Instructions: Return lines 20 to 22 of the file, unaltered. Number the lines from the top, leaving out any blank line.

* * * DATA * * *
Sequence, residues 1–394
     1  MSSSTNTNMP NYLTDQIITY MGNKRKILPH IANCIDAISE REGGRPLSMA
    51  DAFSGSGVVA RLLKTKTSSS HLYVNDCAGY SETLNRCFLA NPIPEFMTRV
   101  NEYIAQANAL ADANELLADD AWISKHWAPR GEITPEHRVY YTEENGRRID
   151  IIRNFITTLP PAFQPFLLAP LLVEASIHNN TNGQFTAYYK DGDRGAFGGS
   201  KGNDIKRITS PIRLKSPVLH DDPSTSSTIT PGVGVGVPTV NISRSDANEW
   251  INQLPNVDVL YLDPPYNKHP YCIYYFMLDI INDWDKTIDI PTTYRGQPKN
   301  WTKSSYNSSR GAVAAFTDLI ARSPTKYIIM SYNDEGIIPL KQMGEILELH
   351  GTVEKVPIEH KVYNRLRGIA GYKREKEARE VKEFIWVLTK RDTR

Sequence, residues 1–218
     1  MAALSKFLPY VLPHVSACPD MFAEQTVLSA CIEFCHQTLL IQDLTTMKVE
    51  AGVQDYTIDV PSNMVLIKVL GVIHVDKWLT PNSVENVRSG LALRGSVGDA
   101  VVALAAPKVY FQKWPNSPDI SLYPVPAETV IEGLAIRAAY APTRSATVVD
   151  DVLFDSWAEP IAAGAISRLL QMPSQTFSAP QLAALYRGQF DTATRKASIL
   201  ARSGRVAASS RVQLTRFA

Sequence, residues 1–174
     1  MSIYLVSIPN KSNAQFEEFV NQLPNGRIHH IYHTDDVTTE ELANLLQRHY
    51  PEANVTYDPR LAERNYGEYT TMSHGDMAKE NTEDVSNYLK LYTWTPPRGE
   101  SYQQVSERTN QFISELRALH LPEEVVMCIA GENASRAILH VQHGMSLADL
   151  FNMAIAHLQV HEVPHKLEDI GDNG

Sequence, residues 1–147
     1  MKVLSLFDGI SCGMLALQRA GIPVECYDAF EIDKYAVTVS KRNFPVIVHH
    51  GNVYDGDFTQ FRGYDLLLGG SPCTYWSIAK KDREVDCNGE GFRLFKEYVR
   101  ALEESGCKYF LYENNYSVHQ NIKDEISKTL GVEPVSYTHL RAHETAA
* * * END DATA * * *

   151  FNMAIAHLQV HEVPHKLEDI GDNG

Sequence, residues 1–147
     1  MKVLSLFDGI SCGMLALQRA GIPVECYDAF EIDKYAVTVS KRNFPVIVHH